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Nancy Freeman-Mitford CBE (28 November 1904 – 30 June 1973), known as Nancy Mitford,[n 1] was an English novelist, biographer and journalist. One of the renowned Mitford sisters and one of the "Bright Young People" on the London social scene in the inter-war years, she is best remembered for her novels about upper-class life in England and France and for her sharp and often provocative wit. She also established a reputation for herself as a writer of popular historical biographies.
Mitford enjoyed a privileged childhood as the eldest daughter of the Hon. David Freeman-Mitford, later 2nd Baron Redesdale. Educated privately, she had no training as a writer before publishing her first novel in 1931. This early effort and the three that followed it created little stir; it was her two semi-autobiographical postwar novels, The Pursuit of Love (1945) and Love in a Cold Climate (1949), that established her reputation. Mitford's marriage to Peter Rodd in 1933 proved unsatisfactory to both (they divorced in 1957 after a lengthy separation), and during the Second World War she formed a liaison with a Free French officer, Gaston Palewski. He became the love of her life, although the pair were never a formal couple. After the war Mitford settled in France and lived there until her death, maintaining social contact with her many English friends through letters and regular visits.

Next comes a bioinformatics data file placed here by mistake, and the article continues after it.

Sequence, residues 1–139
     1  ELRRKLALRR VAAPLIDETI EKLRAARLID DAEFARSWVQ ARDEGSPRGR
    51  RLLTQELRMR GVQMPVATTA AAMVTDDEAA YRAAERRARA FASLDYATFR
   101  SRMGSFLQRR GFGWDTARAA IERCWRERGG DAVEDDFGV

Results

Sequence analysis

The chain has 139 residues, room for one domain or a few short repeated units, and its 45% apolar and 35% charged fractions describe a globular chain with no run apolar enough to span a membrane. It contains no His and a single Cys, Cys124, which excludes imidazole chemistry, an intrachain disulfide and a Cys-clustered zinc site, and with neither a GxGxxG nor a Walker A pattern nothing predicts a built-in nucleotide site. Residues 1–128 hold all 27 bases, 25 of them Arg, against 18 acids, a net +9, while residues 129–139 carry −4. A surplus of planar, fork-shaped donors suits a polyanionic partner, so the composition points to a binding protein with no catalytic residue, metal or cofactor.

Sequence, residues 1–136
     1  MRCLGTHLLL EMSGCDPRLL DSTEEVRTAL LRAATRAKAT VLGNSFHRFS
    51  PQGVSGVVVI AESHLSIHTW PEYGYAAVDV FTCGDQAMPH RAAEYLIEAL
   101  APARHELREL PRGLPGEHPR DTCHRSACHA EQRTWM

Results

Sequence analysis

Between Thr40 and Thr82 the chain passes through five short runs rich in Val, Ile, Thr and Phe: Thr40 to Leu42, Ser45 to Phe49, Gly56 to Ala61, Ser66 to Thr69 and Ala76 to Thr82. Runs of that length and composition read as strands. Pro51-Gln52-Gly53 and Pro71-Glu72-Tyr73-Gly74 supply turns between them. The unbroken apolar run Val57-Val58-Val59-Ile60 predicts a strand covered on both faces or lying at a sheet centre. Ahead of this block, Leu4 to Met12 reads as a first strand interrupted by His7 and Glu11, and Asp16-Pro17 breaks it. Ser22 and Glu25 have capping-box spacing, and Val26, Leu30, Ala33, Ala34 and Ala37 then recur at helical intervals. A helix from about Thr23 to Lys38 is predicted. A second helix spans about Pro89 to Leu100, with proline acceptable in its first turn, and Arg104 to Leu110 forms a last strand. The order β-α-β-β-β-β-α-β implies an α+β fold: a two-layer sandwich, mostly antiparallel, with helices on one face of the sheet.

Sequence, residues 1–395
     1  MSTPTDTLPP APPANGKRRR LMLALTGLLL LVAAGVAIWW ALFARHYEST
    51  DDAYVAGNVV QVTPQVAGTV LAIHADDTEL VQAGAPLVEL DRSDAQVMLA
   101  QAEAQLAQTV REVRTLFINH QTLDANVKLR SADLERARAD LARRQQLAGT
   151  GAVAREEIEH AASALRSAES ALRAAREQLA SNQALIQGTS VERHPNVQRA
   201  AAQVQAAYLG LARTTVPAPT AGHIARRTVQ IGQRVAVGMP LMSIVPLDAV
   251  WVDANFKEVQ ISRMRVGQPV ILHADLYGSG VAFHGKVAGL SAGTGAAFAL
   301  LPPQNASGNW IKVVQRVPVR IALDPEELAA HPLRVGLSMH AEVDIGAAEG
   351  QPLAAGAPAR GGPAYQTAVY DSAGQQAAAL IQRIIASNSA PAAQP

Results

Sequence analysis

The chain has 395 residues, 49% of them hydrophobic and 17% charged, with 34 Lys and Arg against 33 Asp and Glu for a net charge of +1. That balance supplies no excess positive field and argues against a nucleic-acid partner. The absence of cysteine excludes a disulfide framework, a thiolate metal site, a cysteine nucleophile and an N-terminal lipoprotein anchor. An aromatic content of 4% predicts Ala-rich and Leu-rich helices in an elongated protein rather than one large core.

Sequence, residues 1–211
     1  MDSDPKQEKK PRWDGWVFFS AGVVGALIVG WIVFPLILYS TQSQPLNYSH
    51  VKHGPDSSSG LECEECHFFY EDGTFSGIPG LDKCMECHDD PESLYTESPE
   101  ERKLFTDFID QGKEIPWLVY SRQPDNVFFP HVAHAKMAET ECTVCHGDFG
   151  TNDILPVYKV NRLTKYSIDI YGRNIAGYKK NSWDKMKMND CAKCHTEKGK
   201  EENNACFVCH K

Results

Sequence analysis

During the 1950s Mitford was identified with the concept of "U" (upper) and "non-U" language, whereby social origins and standing were identified by words used in everyday speech. She had intended this as a joke, but many took it seriously, and Mitford was considered an authority on manners and breeding—possibly her most recognised legacy. Her later years were bitter-sweet, the success of her biographical studies of Madame de Pompadour, Voltaire and King Louis XIV contrasting with the ultimate failure of her relationship with Palewski. From the late 1960s her health deteriorated, and she endured several years of painful illness before her death in 1973.
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